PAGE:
Prepared for the
Conference of Presidents of Major American Jewish Organizations

by the Jerusalem Center for Public Affairs
View this page at
Via Smartphone


August 11, 2009

Daily Alert Needs Your Support

In-Depth Issues:

Terrorists Who Fought U.S. in Iraq Make Way to Gaza - Amos Harel (Ha'aretz)
    Dozens of Islamic terrorists have entered Gaza over the past year and are operating there in the framework of organizations identified with the "global jihad."
    Many of the terrorists have taken part in the fighting against American forces in Iraq. The flow of foreign terrorists to Gaza will gradually increase, Israeli defense officials forecast, as the friction with U.S. forces in Iraq diminishes.
    Hamas is finding it difficult to rein in the newer groups identified with al-Qaeda. The quiet since the IDF's Gaza operation has increased the number of those deserting Hamas in favor of global jihad.
    Hamas is interested in a long time-out, say defense officials, in order to rebuild its military capabilities and strengthen its control of Gaza.
    Hamas continues to send out dozens of fighters via Egypt for military training in foreign countries, particularly in Iran and Lebanon.

A Fifth of European Union Will Be Muslim by 2050 - Adrian Michaels (Telegraph-UK)
    Last year, 5% of the total population of the 27 EU countries was Muslim. But rising levels of immigration from Muslim countries and low birth rates among Europe's indigenous population mean that, by 2050, the figure will be 20%, according to forecasts.
    Data indicate that Britain, Spain and Holland will have an even higher proportion of Muslims in a shorter amount of time.

Hebron Massacre of Jews Remembered - Tovah Lazaroff (Jerusalem Post)
    One can still see the scar from the knife wound Shlomo Slonim sustained 80 years ago, when an Arab stabbed him as he huddled in his mother's arms in their Hebron home.
    He stood in the Hebron cemetery, at the end of a ceremony marking the Hebrew anniversary of the 1929 massacre of 67 Jewish residents of that city by an Arab mob.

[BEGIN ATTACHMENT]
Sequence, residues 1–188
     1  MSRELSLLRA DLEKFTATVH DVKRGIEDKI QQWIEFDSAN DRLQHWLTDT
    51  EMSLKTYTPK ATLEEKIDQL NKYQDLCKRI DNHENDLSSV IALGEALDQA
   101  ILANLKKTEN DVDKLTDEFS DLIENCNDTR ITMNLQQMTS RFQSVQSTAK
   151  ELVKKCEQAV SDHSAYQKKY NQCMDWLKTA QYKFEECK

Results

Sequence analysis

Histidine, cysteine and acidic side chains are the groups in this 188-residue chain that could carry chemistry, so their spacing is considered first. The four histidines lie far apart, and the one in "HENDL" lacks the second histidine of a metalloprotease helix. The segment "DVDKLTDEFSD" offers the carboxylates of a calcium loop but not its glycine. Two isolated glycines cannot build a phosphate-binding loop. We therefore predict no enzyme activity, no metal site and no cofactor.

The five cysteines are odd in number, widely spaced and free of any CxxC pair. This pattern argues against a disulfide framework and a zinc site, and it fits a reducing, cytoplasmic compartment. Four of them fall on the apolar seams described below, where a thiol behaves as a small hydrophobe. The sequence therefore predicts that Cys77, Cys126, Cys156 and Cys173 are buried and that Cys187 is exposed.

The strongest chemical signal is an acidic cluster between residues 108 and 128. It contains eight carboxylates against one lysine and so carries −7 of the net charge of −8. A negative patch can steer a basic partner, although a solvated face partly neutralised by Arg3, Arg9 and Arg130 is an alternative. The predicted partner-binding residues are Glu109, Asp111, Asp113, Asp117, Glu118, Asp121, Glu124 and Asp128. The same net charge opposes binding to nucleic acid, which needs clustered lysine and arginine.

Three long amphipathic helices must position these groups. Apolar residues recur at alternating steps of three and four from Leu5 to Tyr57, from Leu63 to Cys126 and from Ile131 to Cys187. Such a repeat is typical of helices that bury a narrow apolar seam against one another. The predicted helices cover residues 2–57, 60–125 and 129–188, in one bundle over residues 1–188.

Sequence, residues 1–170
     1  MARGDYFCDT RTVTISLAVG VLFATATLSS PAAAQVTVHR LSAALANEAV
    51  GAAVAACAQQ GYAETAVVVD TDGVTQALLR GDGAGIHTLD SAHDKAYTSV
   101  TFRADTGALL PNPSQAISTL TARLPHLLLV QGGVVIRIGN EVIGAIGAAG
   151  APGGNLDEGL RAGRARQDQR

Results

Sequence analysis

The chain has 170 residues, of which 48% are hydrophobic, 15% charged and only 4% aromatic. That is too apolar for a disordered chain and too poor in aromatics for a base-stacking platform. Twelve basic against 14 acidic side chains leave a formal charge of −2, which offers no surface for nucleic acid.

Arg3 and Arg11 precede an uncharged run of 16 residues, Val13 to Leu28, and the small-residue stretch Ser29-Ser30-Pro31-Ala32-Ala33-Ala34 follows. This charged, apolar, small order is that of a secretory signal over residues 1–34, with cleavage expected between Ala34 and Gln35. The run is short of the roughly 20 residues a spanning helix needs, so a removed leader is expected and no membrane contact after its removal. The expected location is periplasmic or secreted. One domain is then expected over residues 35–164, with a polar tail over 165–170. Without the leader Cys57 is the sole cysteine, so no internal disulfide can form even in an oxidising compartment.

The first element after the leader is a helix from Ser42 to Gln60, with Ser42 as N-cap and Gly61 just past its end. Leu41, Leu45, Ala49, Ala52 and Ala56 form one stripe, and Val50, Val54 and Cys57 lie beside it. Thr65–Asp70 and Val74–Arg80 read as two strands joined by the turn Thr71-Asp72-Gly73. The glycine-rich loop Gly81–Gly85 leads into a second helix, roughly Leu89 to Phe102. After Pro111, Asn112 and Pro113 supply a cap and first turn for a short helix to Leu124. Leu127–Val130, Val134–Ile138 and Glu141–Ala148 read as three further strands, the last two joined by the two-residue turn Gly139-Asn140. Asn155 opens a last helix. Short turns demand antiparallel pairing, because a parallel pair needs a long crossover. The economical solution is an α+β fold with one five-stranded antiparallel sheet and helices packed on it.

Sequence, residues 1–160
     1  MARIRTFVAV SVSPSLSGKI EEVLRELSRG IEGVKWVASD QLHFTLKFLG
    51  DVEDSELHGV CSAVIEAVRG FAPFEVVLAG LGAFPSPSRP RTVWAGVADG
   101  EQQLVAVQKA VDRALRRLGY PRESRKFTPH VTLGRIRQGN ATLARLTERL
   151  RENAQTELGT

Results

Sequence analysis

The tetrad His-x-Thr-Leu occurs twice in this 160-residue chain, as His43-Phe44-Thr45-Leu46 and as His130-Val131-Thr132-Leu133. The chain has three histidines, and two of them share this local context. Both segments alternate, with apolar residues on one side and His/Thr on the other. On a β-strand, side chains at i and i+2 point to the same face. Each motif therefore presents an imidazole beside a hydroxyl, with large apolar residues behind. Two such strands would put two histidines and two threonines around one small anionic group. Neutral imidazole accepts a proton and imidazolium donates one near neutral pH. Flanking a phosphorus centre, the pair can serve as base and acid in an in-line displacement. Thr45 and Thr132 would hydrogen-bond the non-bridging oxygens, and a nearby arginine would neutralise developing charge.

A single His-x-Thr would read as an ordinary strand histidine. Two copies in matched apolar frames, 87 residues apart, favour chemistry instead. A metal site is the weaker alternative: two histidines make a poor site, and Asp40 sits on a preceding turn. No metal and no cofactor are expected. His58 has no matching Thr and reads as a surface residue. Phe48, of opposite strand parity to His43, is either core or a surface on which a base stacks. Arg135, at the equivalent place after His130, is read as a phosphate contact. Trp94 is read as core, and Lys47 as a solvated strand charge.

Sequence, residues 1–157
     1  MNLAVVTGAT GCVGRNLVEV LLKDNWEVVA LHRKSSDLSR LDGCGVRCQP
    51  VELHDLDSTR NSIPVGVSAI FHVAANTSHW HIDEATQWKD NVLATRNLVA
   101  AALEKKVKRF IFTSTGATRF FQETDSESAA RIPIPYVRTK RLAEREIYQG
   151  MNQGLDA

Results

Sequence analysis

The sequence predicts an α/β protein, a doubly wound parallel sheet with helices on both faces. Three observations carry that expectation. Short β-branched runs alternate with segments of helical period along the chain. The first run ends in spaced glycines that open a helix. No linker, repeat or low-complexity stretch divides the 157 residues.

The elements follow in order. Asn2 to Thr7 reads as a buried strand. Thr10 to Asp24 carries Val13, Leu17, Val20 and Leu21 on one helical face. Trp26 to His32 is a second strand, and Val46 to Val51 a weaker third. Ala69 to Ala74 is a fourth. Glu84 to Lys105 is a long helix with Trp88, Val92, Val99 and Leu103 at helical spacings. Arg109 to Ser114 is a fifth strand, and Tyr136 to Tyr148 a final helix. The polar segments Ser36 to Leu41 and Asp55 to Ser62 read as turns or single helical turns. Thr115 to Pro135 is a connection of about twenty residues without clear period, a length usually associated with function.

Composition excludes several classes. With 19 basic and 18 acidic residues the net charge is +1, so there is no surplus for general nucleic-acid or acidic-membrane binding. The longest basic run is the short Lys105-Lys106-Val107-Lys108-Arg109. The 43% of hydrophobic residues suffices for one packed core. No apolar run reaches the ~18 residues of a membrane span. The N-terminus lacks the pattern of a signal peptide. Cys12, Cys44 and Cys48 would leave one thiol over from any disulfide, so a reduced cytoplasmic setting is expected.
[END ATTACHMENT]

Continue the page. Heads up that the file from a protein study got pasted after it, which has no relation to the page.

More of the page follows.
His father, Eliezer Dan Slonim, had been the director of the Anglo-Palestine Bank and a representative of the Jewish community in the Hebron Municipality.
    After bursting into the family home, the Arabs killed 24 people with knives and machetes. Among them were Slonim's father, his mother Hannah, her parents who were visiting, and his four-year-old brother.
    The massacre destroyed the Hebron Jewish community, whose roots go back to biblical times. Some Jews tried to return to Hebron after the massacre, but the British removed them in 1936.
    See also Survivor of Hebron Massacre Recounts Her Ordeal - Eli Ashkenazi (Ha'aretz)
    On August 24, 1929, as Yonah Molchadsky gave birth to her second daughter in the basement of a neighboring Arab family's house, the masses outside began looking for Jews.
    When the mob came to the home of the Arab family looking for the Molchadskys, their hosts and saviors told the mob, "We have already killed our Jews," and they believed them and departed.

Bar Mitzvah Boy Gives Sderot $40,000 Playground - Yanir Yagna (Ha'aretz)
    Benjamin Davis, 13, from New York has decided to give $40,000 he received from his parents for his bar mitzvah to the children of Sderot.
    The municipality says the money will go to build a park with recreational facilities.

Key Links 
Media Contacts 
Back Issues 
Fair Use/Privacy 
News Resources - North America, Europe, and Asia:

  • 71 Senators Ask Obama to Lean on Arab States - J. Taylor Rushing
    71 senators including senior leaders from both parties sent a letter to President Obama on Monday to press Arab states to recommit to peace with Israel. We "agree with you and Secretary Clinton that Arab states must do more to end their isolation of Israel," the senators wrote. The letter asks Obama to encourage the Arab League to end its boycott of Israel, establish normal relations, and cease propaganda campaigns that "demonize" Israel. "Such gestures would send a powerful signal that Arab nations are committed to the peace process and could help usher in a new era of peace and security in the Middle East."
        The effort, led by Sens. Evan Bayh (D-Ind.) and Jim Risch (R-Idaho), was supported by the American Israel Public Affairs Committee. A similar, bipartisan letter was sent by 226 House members last week to Saudi Arabia, calling on that country's leaders to deepen their commitment to peace with Israel. (The Hill)
        See also Text of Senate Letter (IMRA)
  • Netanyahu: Lebanon Will Pay If Hizbullah Attacks - Dan Williams